a. /nāʔā jájàn/

b. /β‎ɛ̄ʔɛ̄ jājàn/ ‘house’


‘paw of the coyote’

‘house of the coyote’

Audio. Recording of (3.a): /nāʔā jájàn/.

Audio. Recording of (3.b): /β‎ɛ̄ʔɛ̄ jājàn/.

The conclusion that surface-phonological specification is not necessarily the same as underlying or lexical specification holds across tone languages. That is, while there are languages in which the underlying specification for tone of morphemes can be inferred directly from the surface-phonological form in any context, including the citation form, it is quite common for the situation to be more complex, to the effect that the observed or surface-phonological specification cannot be assumed to be identical to underlying specification. Because of this, the analysis of a tone language is an inductive process, whereby a researcher finds out the surface-phonological specification of a morpheme in a range of contexts, before inferring the underlying specification and the processes from which the surface patterns can be derived. The methodology can be enhanced by recording the forms, which enable the researcher to listen across speakers and contexts, and examine f0 traces. Further guidance on the first-hand investigation of tone can be found in the papers in Bird and Hyman (2014).

When it comes to the phonological analysis of tone, autosegmental theory has been the main theory for several decades, its key assumptions and insights being widely adopted. Central to the autosegmental approach to tone is the understanding that tone is best interpreted as an autonomous dimension of speech, and therefore best represented separately from the consonantal and vocalic composition of a morpheme (Leben, 1973; Goldsmith, 1976; Williams, 1976). The first to articulate the key principles of autosegmental theory is Williams (1976), which has been available in manuscript form from 1971 onwards. He hypothesizes that tones are a feature of morphemes, rather than of phonemes or syllables. He also postulates a language-independent Tone Mapping rule, which “maps from left to right a sequence of tones to a sequence of syllables” (Williams, 1976, p. 469). Williams’ approach informed Leben (1973) and Goldsmith (1976). The theory has been developed in numerous ways since then. One of these developments is the recognition that the mapping of tones to morphemes is not the same in all tone languages. The linking may simply be lexically specified. Or the mapping may be regular, but it may not start at the left edge of the word (Clements & Ford, 1979).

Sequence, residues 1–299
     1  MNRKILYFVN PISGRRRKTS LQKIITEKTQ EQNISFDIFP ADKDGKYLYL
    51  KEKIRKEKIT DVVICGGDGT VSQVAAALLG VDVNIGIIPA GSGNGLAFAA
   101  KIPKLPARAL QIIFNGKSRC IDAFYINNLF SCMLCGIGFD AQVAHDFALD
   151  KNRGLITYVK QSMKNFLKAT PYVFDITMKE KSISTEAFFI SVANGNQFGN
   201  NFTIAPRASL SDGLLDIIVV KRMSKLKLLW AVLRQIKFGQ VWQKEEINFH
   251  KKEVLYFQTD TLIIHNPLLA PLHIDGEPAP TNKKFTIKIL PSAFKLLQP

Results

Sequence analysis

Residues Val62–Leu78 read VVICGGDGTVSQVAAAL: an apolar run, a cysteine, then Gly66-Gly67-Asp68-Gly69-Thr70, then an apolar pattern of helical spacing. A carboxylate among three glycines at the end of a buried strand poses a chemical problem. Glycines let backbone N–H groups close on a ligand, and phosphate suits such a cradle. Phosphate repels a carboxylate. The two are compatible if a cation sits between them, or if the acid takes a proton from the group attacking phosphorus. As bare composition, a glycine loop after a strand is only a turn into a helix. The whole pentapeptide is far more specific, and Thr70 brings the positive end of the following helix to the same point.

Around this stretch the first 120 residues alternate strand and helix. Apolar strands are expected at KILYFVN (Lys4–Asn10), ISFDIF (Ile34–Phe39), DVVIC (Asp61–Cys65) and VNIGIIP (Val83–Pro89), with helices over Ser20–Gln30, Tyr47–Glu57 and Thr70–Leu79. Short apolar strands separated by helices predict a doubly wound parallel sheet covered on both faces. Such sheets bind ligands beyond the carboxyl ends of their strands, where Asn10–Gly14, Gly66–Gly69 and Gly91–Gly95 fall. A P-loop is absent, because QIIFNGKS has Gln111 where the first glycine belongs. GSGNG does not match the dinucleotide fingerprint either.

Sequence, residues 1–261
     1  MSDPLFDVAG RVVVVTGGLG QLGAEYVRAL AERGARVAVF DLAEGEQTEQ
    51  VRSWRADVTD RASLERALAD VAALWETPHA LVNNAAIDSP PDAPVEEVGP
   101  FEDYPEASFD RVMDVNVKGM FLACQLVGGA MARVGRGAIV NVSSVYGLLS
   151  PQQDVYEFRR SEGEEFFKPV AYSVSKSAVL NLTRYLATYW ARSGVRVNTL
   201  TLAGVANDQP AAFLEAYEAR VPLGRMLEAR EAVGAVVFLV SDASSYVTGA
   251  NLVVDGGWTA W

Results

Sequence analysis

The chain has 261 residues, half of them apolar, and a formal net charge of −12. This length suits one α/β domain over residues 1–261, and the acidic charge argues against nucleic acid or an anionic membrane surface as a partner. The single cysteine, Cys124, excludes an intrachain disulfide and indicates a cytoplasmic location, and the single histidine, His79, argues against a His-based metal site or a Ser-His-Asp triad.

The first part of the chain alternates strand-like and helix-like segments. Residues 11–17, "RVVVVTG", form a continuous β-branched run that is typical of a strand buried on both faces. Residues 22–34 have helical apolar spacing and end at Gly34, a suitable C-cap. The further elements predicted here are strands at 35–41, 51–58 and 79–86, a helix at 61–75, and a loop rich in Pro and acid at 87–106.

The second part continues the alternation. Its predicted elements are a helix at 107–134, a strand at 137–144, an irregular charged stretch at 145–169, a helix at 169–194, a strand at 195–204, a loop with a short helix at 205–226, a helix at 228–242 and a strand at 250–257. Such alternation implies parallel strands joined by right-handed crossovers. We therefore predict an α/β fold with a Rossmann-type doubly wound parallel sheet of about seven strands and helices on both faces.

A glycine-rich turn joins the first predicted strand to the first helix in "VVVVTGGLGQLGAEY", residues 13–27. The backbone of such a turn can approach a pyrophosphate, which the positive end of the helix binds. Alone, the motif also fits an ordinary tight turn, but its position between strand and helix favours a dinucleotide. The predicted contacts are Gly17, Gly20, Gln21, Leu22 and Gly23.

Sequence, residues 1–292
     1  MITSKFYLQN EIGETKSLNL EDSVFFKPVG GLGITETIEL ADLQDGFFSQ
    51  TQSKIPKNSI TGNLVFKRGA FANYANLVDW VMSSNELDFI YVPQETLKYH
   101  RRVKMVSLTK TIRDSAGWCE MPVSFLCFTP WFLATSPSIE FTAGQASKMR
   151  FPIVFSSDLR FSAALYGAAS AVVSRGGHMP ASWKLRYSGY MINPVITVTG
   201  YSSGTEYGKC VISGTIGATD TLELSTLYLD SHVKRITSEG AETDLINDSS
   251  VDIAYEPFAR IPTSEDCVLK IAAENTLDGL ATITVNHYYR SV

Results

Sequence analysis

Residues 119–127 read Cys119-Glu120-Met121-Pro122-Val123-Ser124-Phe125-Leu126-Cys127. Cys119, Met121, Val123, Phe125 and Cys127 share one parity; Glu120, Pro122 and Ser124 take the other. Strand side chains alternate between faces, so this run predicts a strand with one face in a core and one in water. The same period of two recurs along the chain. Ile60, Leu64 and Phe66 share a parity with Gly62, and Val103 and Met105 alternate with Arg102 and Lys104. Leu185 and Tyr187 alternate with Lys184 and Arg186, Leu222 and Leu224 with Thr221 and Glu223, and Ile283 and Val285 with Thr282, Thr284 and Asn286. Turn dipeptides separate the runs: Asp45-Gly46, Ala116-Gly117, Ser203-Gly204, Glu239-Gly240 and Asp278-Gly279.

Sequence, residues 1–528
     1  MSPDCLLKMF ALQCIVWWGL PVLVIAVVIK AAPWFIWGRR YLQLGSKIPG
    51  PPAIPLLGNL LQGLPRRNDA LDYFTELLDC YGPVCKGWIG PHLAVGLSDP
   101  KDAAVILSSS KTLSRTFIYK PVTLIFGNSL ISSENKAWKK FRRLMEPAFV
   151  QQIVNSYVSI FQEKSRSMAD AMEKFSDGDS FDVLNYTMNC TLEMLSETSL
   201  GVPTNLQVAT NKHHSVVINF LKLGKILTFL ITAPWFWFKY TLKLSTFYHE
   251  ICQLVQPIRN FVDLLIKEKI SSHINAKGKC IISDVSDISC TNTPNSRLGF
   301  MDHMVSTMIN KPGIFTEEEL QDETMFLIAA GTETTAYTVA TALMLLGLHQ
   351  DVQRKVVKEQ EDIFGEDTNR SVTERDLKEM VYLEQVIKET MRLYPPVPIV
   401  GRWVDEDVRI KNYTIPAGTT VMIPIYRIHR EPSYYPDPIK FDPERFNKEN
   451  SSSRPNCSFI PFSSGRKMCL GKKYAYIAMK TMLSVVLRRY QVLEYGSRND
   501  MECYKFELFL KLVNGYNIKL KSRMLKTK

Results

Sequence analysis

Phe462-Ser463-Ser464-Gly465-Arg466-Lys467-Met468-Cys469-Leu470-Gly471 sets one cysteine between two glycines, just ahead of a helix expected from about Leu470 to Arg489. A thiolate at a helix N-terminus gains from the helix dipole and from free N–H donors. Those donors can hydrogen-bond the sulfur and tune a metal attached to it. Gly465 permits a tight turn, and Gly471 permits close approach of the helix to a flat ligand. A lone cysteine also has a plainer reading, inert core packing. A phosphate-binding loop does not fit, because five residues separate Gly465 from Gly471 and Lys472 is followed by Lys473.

To illustrate how autosegmental theory can be used to deal with the autonomy of tones, we return to the Mixtec phenomena introduced above in (2, 3). Illustration (4) shows the autosegmental representation of the two nouns in (3a), as postulated in McKendry (2013). Illustration (4a) shows the hypothesized underlying specification of the two nouns. McKendry postulates that/naʔa/ ‘hand’ has a Mid tone and a High tone, and that/jajan/ ‘coyote’ has a Low tone and a High tone. These tones are represented on a tonal tier, which is separate from the segmental sequence and connected to it through association lines. The analysis hinges on the understanding that the Mixtec tones are linked with vowel units,1 in such a way that the first tone of a lexical item is linked with the second vowel unit, and that tones associate rightwards from that point (cf. Clements & Ford, 1979). In this way, the first tone that is part of the lexical specification of/naʔa/, the Mid, is associated with its second vowel unit, as seen in (4a). Still in the citation form of/naʔa/(4a), the High tone lacks a vowel it can associate with; it remains unassociated (‘floating’), and there is no trace of it in the phonetic realization.



In contrast, when there is a following noun (4b), the High tone of/naʔa/ associates across the word boundary, with the initial syllable of/jajan/, which is itself toneless. This is expressed by the interrupted line in (4b). In the same vein, the High tone of/jajan/is also a floating tone; it is not realized, for lack of a vowel unit to dock onto. Finally, the initial syllable of/naʔa/gets a Mid tone associated with it by default.

In the same way, the Mid tone on the initial vowel unit of/jajan/in (3b) is attributed to a floating tone linked rightwards from/βɛʔɛ‎/ ‘house’, which has a Mid-Mid specification for tone. And here again, the Mid tone on the initial vowel in (2b) and (3b) is attributed to a default insertion. This analysis correctly predicts that the melodic pattern of a given Mixtec word depends in part on the lexical item that precedes it.